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More unsettling were the ragged circle of butter knives stabbed angrily into the wood ceiling.

“Where the hell are all the forks?” John grumbled from the kitchen, not for the first time.

“Emily takes them,” said El from the dinner table.

“No I don’t!” wailed Em.

El turned to her Dad. “Emily takes them and she hides them,” she said.

“This is between her and me,” said John. “No need to get involved.”

Sensing a temporary victory, Em added, “And quit calling me Emily!”

John shushed them both and continued making breakfast.

He knew Em stole forks. She’d been doing it a long time. Sometimes she hid them, most times she simply threw them away, due to simple laziness or an eccentric expression of tweener angst. He’d even caught her a few times; he went down to her room and found them in the trash can. Sometimes spoons too, and knives (this was back before all the knives got locked up), and even the occasional bowl or plate, but most of the time she—or something—expressed a stronger interest in forks.

Em, typically, denied taking any of it: the spoons and knives and forks, the bowls and plates.

John knew she took some of them. John wasn’t convinced she took all of them.

When the girls were little he found a fork hidden in a glass fixture hanging from the high upstairs bathroom ceiling; John hadn’t even noticed it until the bulb blew out and he had to get a step-stool and replace it. He unscrewed the glass globe and there lay the fork, covered in dust, sharing the space with scattered dead moths.

The girls couldn’t reach that high, not even with the step-stool. It could not have been Em or El.

Of course, it wasn’t his wife.

He tried not to think about it too much. Darker thoughts threatened to intrude, involving whether his family lived truly alone in this old and storied house.

Many months later he found a shoebox, buried deep in the recesses of Em’s closet, filled with silverware. All of the silverware had been neatly divided, stacked, and placed into ordered little stacks: knives, spoons and forks. The neatness certainly didn’t point guilt toward Em; her room was a mess, the orderly arrangement inside the shoebox contrasted sharply with the remainder of her wildly disorganized closet.

He noted the presence of silverware he’d never seen before, some of it so tarnished and worn it seemed as old as the house, which added to the mystery.

He showed the shoebox to his wife. He shared his concerns about the uncharacteristic tidiness of the box of silverware, and the age of some of the utensils.

“She could have found them somewhere. It’s an old house, lots of ancient stuff hidden in the nooks and crannies. She loves to explore all the odd little corners of the house.”

“What about how organized it all is? Have you ever seen her room this organized?”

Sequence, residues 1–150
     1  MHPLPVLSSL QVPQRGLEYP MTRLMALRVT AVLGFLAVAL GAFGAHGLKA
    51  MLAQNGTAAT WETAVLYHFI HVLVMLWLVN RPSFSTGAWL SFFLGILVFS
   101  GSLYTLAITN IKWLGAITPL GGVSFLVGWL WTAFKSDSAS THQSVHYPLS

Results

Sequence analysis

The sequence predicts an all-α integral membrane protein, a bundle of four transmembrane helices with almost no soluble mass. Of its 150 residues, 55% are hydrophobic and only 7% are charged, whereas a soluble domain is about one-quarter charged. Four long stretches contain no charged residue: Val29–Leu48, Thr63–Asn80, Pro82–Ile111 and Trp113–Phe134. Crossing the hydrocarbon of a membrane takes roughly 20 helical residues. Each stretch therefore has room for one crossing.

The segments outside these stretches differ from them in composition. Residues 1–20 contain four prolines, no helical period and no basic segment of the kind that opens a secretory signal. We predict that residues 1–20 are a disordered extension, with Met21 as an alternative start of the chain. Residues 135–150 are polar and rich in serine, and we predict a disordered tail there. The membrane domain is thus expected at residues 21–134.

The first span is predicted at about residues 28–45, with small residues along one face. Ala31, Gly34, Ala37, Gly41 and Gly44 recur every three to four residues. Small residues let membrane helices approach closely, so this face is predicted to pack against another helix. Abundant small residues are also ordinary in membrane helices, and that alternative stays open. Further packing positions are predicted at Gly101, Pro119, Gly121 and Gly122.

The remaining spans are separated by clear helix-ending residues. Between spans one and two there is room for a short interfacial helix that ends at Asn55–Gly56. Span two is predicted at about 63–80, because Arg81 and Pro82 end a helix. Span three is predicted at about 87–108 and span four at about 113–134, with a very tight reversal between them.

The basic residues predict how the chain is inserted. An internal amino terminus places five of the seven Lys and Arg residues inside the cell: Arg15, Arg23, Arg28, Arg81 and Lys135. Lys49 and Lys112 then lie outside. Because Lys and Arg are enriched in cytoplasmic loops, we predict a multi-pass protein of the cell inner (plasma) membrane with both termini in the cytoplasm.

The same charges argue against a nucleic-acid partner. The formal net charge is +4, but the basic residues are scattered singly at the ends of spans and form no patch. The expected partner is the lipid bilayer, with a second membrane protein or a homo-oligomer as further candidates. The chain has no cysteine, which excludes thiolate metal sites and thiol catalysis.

“She’s mercurial. She’s smart. She can be neat. Maybe she had to stack them all up like that to get them to fit into the box.”

They approached her with the box of silverware together.

“I didn’t take them. I didn’t put them in the box like that,” Em insisted to her parents. John expressed no opinion. 

His wife, less likely than he to entertain doubt because of her disbelief in the paranormal, said, “One-week grounding. And you buy new silverware with your allowance this week.”


“No buts,” said Alice, which made El giggle.

He found forks in the upstairs bathroom more than once. Laying on the floor. Sitting at the bottom of an empty tub. Stabbed into the soap. El once was preparing to take a bath, turned on the faucets to fill the tub, and when the tub was full, she looked down to find a spoon at the bottom of the tub, under the water.

El screamed.  Her Dad came running up the stairs in response.

The sight of silverware didn’t inspire much fear in John; the girls tended to eat late at night, or at odd hours—as he did himself—so it did not overly concern him. The bathroom seemed an odd choice as a place to eat a snack, but kids’ lives were complicated, and tween-aged girls lives appeared particularly complex. Body images issues loomed like landmines at this age; John could easily imagine one of the girls wanting to eat in private, for any number of reasons.

More unsettling than random silverware in the bathroom were the ragged circle of butter knives stabbed angrily into the angled wood ceiling of the attic, at the far end of the room. John found them while replacing the screens with storm windows for the winter.

The forks had been thrust with such force that the grain had splintered where metal entered wood. The handles of the knives were twisted, warped, blackened, bent.

One of the kids might have done it.

His wife might have done it.

What could unequivocally not be blamed on his kids or his wife was the roasting fork that floated high over his head in the bedroom at three a.m.; he had been sleeping and woke from unremembered dreams and opened his eyes and saw the sharp twin spires of the fork pointing directly at his eyes like the sword of Damocles. If it dropped he’d be dead, as the thin metal rods pierced his brain; he felt certain whatever force that held the fork would fling it with enough violence to kill him.

Alice slept peacefully next to him. He wrestled with whether to wake her or not. He did not want to endanger her.

He did not want to die.

Scared to make a sound. Scared to move. Scared to blink. All night long.

The alarm clock clattered.

His open eyes stared wearily at the empty air above him, as they had all night.

Sunlight tumbled through the window, filling the room. His wife roused next to him.

“Good morning, honey,” she said, kissing him on the cheek.



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